Tustin is a city located in Orange County, California, in the Los Angeles metropolitan area. As of the census of 2017, Tustin had a population of 82,372. The city is located next to the county seat, Santa Ana, and does not include North Tustin.
Because of a top 10% ranking in start-ups and sole proprietors per capita and one of the shortest commutes in Southern California, the city was chosen in 2009 by Forbes as one of the top 25 towns to live well in America.
A bit of history
Members of the Tongva and Juaneño/Luiseño nations long inhabited this area. After the 1769 expedition of Gaspar de Portolà, a Spanishexpedition led by Father Junipero Serra named the area Vallejo de Santa Ana (Valley of Saint Anne). On November 1, 1776, Mission San Juan Capistranobecame the area’s first permanent European settlement in Alta California, New Spain.
In 1801, the Spanish Empire granted 62,500 acres (253 km2) to Jose Antonio Yorba, which he named Rancho San Antonio. Yorba’s great rancho included the lands where the cities of Olive, Orange, Villa Park, Santa Ana, Tustin, Costa Mesa and Newport Beach stand today. Smaller ranchos evolved from this large rancho including the Rancho Santiago de Santa Ana.
After the Mexican-American war, Alta California became part of the United States and American settlers arrived in this area. Columbus Tustin, a carriage maker from Northern California, founded the city in the 1870s on 1,300 acres (5 km²) of land from the former Rancho Santiago de Santa Ana. The city was incorporated in 1927 with a population of about 900. The townsite was bordered by Camino Real on the south, Newport Avenue on the east, 1st Street on the north, and the Costa Mesa Freeway on the west.
During World War II, a Navy anti-submarine airship base (later to become a Marine Corps helicopter station) was established in unincorporated land south of the city; the two dirigible hangars are among the largest wooden structures ever built and are listed on the National Register of Historic Places and ASCE List of Historic Civil Engineering Landmarks. Suburban growth after the war resulted in increased population, annexation of nearby unincorporated land including the base, and development of orchards and farmland into housing tracts and shopping malls.
The City of Trees
People who know this area well sometimes refer to Tustin as “The City of the Trees.” Although a variety of trees are responsible for this nickname, this is a distinctive quality of the area which dates back centuries, actually to the time of the early Spanish explorers.
Tustin is located in central Orange County and encompasses an area of 11.08 square miles. The City is bounded on the south by the cities of Irvine and Santa Ana, on the north by the unincorporated portions of the County of Orange and the City of Orange, and on the east by unincorporated County territory and the City of Irvine. Within the context of the larger Southern California region, Tustin is located approximately two miles north of Orange County’s John Wayne Airport and is transected by two major regional freeways: the I-5 (Santa Ana) Freeway, divides the City into north and south; and the SR-55 (Costa Mesa) Freeway, divides westerly portions of the City.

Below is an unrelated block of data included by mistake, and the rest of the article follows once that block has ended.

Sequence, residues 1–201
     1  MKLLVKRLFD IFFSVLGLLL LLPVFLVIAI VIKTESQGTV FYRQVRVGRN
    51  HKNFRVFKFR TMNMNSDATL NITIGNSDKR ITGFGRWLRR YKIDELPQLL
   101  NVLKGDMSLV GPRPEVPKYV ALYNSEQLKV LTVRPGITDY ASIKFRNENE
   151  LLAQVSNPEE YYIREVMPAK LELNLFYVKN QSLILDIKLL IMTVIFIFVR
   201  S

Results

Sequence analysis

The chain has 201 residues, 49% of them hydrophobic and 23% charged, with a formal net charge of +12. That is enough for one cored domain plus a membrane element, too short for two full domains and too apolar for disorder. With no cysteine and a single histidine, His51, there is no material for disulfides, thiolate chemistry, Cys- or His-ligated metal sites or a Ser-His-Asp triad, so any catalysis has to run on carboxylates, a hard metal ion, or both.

The City continues to be a discernible entity, characterized physically by its strategic crossroads location, the former Marine Corps Air Station, Tustin, (closed in July 1999), hillside areas which offer sweeping panoramic views of the Pacific Coast and Saddleback Mountains, prime commercial, industrial, and residential development, and one of the oldest historical “old towns” in Orange County. These significant natural and man-made characteristics provide a commonly acknowledged basis for a “sense of place”. Together, they act as a foundation for Tustin’s Future…a functional desirable and attractive community to live, work or visit.
Incorporated in 1927, the City of Tustin is a General Law city. The Constitution of the State of California establishes two types of cities: Charter and General Law. A General Law City, may exercise only those powers expressly given under State law. All cities begin as General Law cities, and the City of Tustin has chosen to remain such.
Tustin has a Council-Manager form of government which consists of an elected City Council responsible for policy making, and a professional City Manager, appointed by the Council. The City Manager provides policy advice, directs the daily operations of City government, handles personnel functions (including the power to appoint and remove employees) and is responsible for preparing the City budget. State law permits two basic forms of government in General Law Cities: the Mayor-City Council and Council-Manager system.